- The Washington Times - Thursday, October 13, 2005

The CIA has retained control over U.S. covert action paramilitary programs despite a commission recommendation that the Pentagon take the lead role in such programs, senior U.S. intelligence officials said yesterday.

All covert paramilitary programs will be part of a new National Clandestine Service (NCS) based at the CIA. Details of the new covert action and espionage service, combining the CIA, FBI and Pentagon human spying, were disclosed during a briefing at CIA headquarters.

Under the new system, an executive will be in charge of all covert action programs that range from secret political support abroad to large-scale paramilitary operations.

Clandestine human spying — which is more secret than covert action — will be coordinated in two other units of the new service.

The NCS will be led by a director, designated by CIA chief Porter J. Goss. In addition, the new office of the Director of National Intelligence will provide policy guidance to the NCS but will not direct its activities, two senior intelligence officials said.

The September 11 commission had recommended that all covert paramilitary operations be transferred out of CIA and given to the U.S. Special Operations Command.

Past covert actions included armed support to anti-Soviet rebels in Afghanistan and anti-communist rebels in Central America.

The commission’s report said that before the September 11 attacks, the “CIA did not invest in developing a robust capability to conduct paramilitary operations with U.S. personnel.” Instead the agency relied on “proxies,” which lacked military training, and “the results were unsatisfactory.”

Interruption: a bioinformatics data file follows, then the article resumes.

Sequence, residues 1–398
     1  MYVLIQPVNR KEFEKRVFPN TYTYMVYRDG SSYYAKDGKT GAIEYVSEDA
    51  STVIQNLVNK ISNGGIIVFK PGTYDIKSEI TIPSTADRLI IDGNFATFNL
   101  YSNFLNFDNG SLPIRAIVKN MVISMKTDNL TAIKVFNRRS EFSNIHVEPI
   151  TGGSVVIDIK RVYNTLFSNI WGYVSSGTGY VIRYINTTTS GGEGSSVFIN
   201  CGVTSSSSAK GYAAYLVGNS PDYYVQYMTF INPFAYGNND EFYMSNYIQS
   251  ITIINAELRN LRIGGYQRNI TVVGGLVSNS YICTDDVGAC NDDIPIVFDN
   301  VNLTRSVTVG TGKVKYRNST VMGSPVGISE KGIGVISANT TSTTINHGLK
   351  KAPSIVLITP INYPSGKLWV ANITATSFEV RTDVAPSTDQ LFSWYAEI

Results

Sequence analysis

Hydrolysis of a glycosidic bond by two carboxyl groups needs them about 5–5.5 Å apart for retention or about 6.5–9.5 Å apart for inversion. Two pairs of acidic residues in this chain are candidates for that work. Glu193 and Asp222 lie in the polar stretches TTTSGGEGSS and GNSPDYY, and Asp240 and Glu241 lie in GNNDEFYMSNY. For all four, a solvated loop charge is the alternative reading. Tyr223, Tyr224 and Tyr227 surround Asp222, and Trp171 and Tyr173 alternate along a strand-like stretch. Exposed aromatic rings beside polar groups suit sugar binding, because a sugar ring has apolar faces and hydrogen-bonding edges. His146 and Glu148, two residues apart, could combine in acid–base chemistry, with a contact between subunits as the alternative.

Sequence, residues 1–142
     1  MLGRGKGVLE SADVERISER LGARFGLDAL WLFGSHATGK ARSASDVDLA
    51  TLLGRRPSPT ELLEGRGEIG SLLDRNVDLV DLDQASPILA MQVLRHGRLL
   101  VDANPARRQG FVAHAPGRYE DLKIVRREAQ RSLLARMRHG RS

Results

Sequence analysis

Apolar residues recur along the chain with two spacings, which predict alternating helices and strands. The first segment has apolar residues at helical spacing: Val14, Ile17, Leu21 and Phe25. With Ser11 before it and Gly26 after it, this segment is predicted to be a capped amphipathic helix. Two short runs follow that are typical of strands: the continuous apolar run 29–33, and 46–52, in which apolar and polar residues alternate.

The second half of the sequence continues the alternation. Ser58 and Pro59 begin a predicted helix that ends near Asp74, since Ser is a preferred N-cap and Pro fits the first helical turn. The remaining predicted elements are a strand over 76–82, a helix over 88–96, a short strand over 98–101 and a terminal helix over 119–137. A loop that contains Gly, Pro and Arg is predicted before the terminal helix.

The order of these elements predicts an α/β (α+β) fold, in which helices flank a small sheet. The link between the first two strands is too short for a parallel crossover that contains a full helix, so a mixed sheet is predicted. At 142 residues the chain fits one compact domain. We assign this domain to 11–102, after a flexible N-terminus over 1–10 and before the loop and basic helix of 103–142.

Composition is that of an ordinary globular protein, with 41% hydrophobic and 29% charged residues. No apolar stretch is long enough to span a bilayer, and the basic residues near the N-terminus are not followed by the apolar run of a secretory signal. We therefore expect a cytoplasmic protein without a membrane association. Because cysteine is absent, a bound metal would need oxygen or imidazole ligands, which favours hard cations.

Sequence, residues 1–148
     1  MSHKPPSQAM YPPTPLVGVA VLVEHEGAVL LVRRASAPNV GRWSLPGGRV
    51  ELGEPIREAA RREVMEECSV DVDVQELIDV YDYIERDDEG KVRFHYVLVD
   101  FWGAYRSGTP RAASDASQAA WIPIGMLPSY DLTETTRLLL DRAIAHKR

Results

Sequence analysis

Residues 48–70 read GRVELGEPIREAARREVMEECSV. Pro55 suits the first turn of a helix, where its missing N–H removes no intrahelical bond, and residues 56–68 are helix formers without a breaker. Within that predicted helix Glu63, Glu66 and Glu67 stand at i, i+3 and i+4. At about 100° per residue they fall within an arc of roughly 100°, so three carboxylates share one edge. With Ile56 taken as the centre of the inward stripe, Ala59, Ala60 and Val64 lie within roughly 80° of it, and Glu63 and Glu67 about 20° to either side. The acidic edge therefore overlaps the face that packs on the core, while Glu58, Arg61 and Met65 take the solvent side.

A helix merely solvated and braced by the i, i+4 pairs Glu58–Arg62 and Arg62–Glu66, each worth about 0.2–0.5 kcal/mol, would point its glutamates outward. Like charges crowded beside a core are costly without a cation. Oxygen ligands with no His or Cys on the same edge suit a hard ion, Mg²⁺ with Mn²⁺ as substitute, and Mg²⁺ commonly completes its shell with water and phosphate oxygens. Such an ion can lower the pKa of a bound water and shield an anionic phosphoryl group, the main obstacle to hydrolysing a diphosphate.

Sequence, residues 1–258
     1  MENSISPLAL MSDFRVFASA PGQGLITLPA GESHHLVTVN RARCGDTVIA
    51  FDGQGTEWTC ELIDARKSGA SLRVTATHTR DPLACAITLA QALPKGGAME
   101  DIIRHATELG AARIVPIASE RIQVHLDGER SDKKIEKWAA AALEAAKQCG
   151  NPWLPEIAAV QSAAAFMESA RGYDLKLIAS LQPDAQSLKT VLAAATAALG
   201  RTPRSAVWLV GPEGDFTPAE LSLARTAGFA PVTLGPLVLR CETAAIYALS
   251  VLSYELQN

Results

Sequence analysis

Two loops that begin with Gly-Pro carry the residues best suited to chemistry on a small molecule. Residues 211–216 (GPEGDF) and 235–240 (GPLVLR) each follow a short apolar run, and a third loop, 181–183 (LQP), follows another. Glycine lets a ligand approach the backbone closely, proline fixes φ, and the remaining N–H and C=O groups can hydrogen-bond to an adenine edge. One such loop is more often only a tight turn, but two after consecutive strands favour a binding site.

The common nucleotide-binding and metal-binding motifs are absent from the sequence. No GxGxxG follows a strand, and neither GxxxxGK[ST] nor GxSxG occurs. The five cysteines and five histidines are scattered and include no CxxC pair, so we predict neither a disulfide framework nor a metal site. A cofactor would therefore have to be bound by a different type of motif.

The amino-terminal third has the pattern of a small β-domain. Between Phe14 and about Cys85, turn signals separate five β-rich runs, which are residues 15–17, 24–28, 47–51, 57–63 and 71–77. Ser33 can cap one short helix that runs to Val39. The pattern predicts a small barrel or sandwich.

The two senior officials who briefed reporters on the condition of anonymity said control over covert action will remain with CIA.

“The bottom line is it was recommended back to the president that [covert action] stay where it is,” one of the officials said. “Paramilitary stays with the CIA. The capability that [special operations forces] has, stays with SOF.”

The official said problems arose because the CIA had authority but few capabilities and the military had great capabilities but little authority.

“The marriage between the two now makes us that much more effective,” the official said.

The NCS will take over the CIA’s Directorate of Operations, which had been in charge of governmentwide human-spying efforts but failed to work with other agencies.

The other main human-spy services involved in NCS are the FBI, which recently set up a National Security Branch dedicated to domestic spying, and the Pentagon’s human-intelligence gathering components.

The second senior intelligence official said the CIA is still banned from conducting spy operations against Americans.

The Directorate of Operations has come under fire for failures related to the September 11 attacks and to intelligence on weapons of mass destruction in Iraq.

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